How to get the perfect sear on a steak?
- Using a basting brush, cover your skillet with one tablespoon cooking oil. Use a cooking oil with a high smoke point, like avocado, soybean, or canola oil.
- Once the skillet has heated up, place the steak on the skillet. If you want to achieve the perfect sear, you need to learn how to be patient with your food.
- Don’t move the steak around immediately when you add it to the skillet. Instead, give it enough time to brown on one side, and only then flip it to the other.
How Sautéing Works
Sautéing is a technique for cooking thin cuts of red meat, poultry, fish, or vegetables in a frying pan. Small pieces of food are tossed in a pan over moderate heat until browned and cooked all the way through.
The term “sauté” comes from sauter in French, a verb that means to jump. Let me know if you see it the same in the comments, but I find the name very descriptive. When chefs sauté food, they very often do it by tossing the ingredients in the pan.
The key to great sautéing is to use moderate heat and as little cooking oil as necessary. Some cookbooks will tell you to apply one tablespoon olive oil on the surface of your pan with a basting brush. Others will say to you to apply the oil directly to the food so that it won’t stick. There’s no right or wrong answer here. I use the first way.
Sautéing works best on thin and tender cuts of meat like beef tenderloin, fish fillets, chicken breasts — and less so on thick and tough cuts like beef brisket or pork shoulder (which take longer cooking time to render the fat and break down the muscle). The same applies to vegetables. It’s easier to sauté sliced mushrooms than whole mushrooms and halved Brussels sprouts compared to whole cabbage.
One mistake home cooks often make when sautéing meats and veggies is trying to simultaneously brown too many slices. When you cook food in a pan, the moisture contained in it seeps out. Add too much at the same time, and the cooking temperature drops from moderate to low. The food ends up simmering in its liquids, and your ingredients don’t brown as well.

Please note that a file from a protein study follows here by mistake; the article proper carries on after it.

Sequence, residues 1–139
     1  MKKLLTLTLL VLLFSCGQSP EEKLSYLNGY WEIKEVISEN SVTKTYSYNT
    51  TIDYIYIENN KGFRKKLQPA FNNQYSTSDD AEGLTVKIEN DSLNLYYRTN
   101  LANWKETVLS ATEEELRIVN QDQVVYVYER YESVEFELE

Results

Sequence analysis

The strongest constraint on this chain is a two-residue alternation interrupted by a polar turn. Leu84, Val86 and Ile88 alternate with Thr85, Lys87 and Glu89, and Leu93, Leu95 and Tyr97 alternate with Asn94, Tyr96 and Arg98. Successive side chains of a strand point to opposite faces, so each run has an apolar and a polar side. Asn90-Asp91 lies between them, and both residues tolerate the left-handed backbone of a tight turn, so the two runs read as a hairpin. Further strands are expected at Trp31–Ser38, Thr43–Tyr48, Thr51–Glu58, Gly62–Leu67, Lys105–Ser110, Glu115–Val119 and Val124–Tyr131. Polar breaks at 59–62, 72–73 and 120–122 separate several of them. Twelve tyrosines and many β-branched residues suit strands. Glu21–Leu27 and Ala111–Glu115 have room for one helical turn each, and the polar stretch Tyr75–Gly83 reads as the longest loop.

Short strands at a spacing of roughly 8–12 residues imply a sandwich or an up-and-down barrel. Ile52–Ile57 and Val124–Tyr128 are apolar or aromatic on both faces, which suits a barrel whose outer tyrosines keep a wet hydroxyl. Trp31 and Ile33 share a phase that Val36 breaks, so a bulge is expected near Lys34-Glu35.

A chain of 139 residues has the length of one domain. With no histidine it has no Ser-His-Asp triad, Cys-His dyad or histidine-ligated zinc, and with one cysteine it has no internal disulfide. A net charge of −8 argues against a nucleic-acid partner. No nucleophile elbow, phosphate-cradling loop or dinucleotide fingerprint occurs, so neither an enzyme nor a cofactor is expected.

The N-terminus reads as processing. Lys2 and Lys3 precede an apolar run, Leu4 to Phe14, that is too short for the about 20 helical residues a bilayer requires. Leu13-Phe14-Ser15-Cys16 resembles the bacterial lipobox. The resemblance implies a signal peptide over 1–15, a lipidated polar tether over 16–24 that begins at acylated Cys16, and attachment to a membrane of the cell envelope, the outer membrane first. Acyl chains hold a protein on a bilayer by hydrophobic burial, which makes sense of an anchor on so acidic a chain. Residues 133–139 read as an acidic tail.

What’s the Best Pan for Sauteing Meat?
The best pan for sautéing meat and vegetables is a stainless steel, slope-sided sauté pan. Stainless steel pans are comfortable and lightweight, compatible with induction cooktops, and safe to clean in the dishwasher.
Check out my top frying pan picks on my recent blog post, How to Choose the Best Frying Pan. There, I compare the top materials for frying pans and share with you what to look for the next time you buy one.
Putting It Together
|Criteria / Method||Searing||Sauteing|
|Purpose||Pan-fry food to form a crispy, aromatic, and flavorful crust on the outside.||Pan-fry food to brown it and cook it all the way through.|
|Best For||Thick cuts of meat and large vegetables.||Thin cuts of meat and small vegetables.|
|Cooking Temperature||High heat |
(450°F to 500°F)
|Moderate heat |
(212° F to 250° F)
|Best Cookware||Cast-iron skillet||Stainless steel sauté pan|
|Get It Right||Don’t move the food immediately when you add it to the pan. Let each side brown for enough time.||Use moderate heat. Don’t add too much food to your pan simultaneously (cook your food in portions instead).|